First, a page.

Wednesday , December 8 2021

Birds in the “sand forests” of the Amazon meet different rules of evolution



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Amazon

White sand ecosystem patch in the Uatuma Sustainable Development Reserve (RDS), Central Amazon. Credit: João Capurucho

Imagine Amazon. You’re thinking of lush, lush forests full of animals, right? It seems that the Amazon Basin has other less-known ecosystems that biologists have recently studied for years, including habitat patches that grow in white sand. Scientists have begun to pay attention to these “sandy forests” and the animals that live there. In a new study, researchers studied birds in the region and found that unlike birds in dense forest, white-sand birds travel from one habitat patch to another and cross paths. One feature is that conservationists can change the way they protect birds in the residual forest.

“We’re always interested in knowing where species are and why they exist, what type of habitat they need,” says João Capurucho, a postdoctoral researcher at the Field Museum in Chicago and lead author of the study. Royal Society Procedure B. “White sand ecosystems are very different from the rest of the Amazon and we know very little about them.”

“We wanted to know that the behavior and evolutionary patterns of white sand birds were similar to those of birds living in dense forest and found to be surprisingly different,” says John Bates Field Museum curator and lead author of the study.

White sand ecosystems are found throughout the Amazon Basin, in patches the size of Manhattan. Scientists do not know how sand forests were created; ecosystems cover so much land scattered throughout the Amazon, it’s hard to imagine that they were created from a single ancient beach system. And for a long time, scientists didn’t pay much attention to them. “The thought was that you’re not going to the Amazon to see short, sandy forests, you’re going to see tall, dense trees, so you’re not going to stop in those areas,” Bates says.

As parts of the white sand are separated from each other, the plants and animals that live in it are also isolated. “The patches of white sand in the rainforest are like islands, and you usually start to see genetically different populations with the islands,” Bates says. That’s why Australia has such weird animals compared to the rest of the world – when a population is cut off from the rest, the organisms will cross each other and evolve along their lines. Previous research has shown that plants and insects genetically vary from one part of the sand to another, indicating that they are in different sets of genes and are often different species. Capurucho and his colleagues wanted to see if the same thing happened to birds.

Amazon

Neopelma chrysocephalum, a saffron-crested Tirano-Manakin, in the white sand ecosystem of the RDS Uatumã. Credit: João Capurucho

“We’ve also been researching the genetic diversity of these birds and comparing them to birds from other Amazon ecosystems. These birds were mostly isolated in different patches, so scattering can be a very important thing to move through the landscape,” says Capurutxo.

The researchers compared the DNA of the birds in different patches of the white sand ecosystem and found that the DNA of the birds was very similar. That was amazing. In the dense dense forest of the Amazon, many birds are separated from each other and begin to branch into different species if they are separated from each other by a barrier like a river that is too wide to cross. But DNA data show that white sand birds support this evolutionary trend: they fly between pieces of white sand, sometimes hundreds of miles away, and cross paths with the birds there.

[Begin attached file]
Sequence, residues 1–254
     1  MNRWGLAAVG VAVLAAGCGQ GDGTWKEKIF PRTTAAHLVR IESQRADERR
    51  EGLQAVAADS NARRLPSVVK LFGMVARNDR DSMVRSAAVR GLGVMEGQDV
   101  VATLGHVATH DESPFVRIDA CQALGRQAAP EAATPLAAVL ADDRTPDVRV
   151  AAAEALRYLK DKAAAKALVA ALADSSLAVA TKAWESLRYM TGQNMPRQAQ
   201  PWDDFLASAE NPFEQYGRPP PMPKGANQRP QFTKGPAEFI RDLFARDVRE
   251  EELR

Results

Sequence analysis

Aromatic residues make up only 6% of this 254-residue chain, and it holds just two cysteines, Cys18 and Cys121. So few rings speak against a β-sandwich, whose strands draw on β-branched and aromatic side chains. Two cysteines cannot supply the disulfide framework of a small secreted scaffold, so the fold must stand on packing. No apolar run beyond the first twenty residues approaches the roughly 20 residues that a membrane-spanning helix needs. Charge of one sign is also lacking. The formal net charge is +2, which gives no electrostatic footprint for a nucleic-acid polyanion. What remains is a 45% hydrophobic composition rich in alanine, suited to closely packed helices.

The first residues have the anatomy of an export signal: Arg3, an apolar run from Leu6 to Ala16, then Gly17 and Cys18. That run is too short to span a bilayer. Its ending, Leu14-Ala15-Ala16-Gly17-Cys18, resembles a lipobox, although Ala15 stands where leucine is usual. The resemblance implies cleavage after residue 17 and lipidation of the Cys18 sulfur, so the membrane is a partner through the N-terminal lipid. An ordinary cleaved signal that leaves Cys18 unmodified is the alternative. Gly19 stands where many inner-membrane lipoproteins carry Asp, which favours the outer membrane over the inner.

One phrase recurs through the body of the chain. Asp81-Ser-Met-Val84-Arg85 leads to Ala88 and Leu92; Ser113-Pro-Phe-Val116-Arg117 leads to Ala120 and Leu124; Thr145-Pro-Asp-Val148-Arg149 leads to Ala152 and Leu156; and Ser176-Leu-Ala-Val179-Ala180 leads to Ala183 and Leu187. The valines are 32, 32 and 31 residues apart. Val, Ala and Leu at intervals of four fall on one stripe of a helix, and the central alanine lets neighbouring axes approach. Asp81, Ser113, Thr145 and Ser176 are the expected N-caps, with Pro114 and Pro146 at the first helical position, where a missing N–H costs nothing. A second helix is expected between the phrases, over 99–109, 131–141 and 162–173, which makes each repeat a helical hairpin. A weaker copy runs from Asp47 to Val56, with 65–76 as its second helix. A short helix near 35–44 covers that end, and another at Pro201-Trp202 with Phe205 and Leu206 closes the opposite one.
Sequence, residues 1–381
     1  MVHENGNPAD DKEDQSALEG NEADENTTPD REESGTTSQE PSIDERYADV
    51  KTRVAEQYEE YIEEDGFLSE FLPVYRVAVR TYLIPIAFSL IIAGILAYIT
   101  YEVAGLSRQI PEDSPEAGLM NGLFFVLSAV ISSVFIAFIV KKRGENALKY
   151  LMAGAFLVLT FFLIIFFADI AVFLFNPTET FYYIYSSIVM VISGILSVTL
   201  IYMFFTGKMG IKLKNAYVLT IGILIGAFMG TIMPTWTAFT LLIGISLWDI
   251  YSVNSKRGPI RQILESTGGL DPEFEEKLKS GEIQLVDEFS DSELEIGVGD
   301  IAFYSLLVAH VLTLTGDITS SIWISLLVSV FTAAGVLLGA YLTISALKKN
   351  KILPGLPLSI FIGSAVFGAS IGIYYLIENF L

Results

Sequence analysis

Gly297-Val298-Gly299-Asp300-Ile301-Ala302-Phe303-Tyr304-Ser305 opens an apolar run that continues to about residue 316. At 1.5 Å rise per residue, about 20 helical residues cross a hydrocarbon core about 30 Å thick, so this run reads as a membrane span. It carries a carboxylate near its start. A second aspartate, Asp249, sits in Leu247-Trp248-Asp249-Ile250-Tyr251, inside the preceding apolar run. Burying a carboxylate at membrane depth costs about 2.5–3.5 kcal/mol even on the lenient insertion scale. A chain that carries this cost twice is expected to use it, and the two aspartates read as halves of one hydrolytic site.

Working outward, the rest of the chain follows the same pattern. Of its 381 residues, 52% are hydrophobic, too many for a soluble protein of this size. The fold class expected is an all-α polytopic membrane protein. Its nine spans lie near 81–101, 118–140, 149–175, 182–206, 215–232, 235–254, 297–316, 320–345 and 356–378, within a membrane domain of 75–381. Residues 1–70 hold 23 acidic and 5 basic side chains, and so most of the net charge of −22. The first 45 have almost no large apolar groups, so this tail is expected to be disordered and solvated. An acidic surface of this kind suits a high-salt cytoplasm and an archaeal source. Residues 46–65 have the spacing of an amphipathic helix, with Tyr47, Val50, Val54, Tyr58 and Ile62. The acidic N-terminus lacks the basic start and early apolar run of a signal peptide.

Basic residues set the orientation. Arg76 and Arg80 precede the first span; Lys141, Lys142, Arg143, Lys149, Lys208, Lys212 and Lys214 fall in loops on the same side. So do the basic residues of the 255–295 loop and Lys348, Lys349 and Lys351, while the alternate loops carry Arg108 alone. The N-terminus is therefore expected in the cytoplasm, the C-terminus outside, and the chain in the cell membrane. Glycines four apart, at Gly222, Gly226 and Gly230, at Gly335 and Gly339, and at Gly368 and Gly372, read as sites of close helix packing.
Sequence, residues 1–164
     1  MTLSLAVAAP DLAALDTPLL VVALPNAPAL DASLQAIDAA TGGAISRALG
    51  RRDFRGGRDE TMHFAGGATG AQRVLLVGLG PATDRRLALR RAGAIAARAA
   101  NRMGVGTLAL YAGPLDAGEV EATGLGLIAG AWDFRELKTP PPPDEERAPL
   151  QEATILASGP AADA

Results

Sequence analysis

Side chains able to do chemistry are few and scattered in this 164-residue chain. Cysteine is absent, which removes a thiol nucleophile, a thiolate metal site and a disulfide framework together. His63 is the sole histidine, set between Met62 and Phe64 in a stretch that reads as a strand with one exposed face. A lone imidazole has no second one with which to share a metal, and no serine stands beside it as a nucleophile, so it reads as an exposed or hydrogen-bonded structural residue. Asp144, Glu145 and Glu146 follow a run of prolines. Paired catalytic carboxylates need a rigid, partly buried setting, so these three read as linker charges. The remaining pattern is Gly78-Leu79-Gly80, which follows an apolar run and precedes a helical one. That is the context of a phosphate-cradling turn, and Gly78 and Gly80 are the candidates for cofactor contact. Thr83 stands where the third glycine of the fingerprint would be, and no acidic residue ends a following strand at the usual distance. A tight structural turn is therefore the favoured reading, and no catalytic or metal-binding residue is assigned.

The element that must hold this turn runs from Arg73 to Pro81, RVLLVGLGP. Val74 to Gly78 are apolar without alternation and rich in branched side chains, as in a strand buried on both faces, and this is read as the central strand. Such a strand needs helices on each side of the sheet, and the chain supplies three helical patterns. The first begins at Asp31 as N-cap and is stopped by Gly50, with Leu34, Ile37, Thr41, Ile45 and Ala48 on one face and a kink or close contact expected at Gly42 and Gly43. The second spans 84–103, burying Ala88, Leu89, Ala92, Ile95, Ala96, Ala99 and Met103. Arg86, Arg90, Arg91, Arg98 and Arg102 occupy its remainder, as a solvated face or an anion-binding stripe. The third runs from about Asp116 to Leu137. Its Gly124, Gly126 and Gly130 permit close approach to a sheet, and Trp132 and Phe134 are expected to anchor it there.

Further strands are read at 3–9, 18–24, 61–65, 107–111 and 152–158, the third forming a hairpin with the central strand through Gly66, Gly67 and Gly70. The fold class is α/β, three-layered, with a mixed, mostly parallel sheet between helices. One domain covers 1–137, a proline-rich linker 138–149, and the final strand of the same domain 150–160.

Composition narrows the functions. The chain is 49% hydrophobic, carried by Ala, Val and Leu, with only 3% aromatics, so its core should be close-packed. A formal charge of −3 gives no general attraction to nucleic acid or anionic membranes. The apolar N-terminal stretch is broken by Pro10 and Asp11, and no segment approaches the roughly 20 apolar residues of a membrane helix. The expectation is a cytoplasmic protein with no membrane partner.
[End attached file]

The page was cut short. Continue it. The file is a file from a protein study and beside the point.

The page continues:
“It is undeniable that genetic data scatter and maintain connectivity across these landscapes,” Bates says. “And that sometimes involves crossing big rivers. That’s something we were really interested in.”

Other elements of the study adhered to biological rules: for example, birds with long and thin wings traveled a greater distance and reached larger areas than birds with short, round wings, coming from white sand or the surrounding forest. Also, white sand birds had smaller geographical areas on average than their forests. But the breeding of white sand birds between habitat areas shows that they behave according to different evolutionary rules. Now that scientists know more about the ranges and genetic patterns of white sand birds, conservationists would help them set aside the land and help protect it in ways that will benefit the animals that live there. This is a matter of urgency, given the threat of climate change changing Amazonian ecosystems.

“As the climate changes, these habitats will also change in distribution. So we need to understand how birds are distributed in these habitats,” says Capurucho. “We need to know what these differences are that are large-scale or limited to a small area and what characteristics affect them. If we understand that, we can manage the threats to these birds and their habitats.”

“People don’t prioritize protecting white sand ecosystems, but this research emphasizes how much we still need to learn,” says Bates. “They’re really special habitats, and we can’t protect them unless we know how they work.”


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More information:
The dispersal capacity is related to the size of the range of birds in the limited Amazon habitat, Royal Society Procedure B (2020). rspb.royalsocietypublishing.or … .1098 / rspb.2020.1450

Mention: Birds in Amazon’s “sand forests” behave according to different evolutionary rules (2020, November 17) Retrieved November 18, 2020 https://phys.org/news/2020-11-amazon-sand-forests-birds-evolutionary. html

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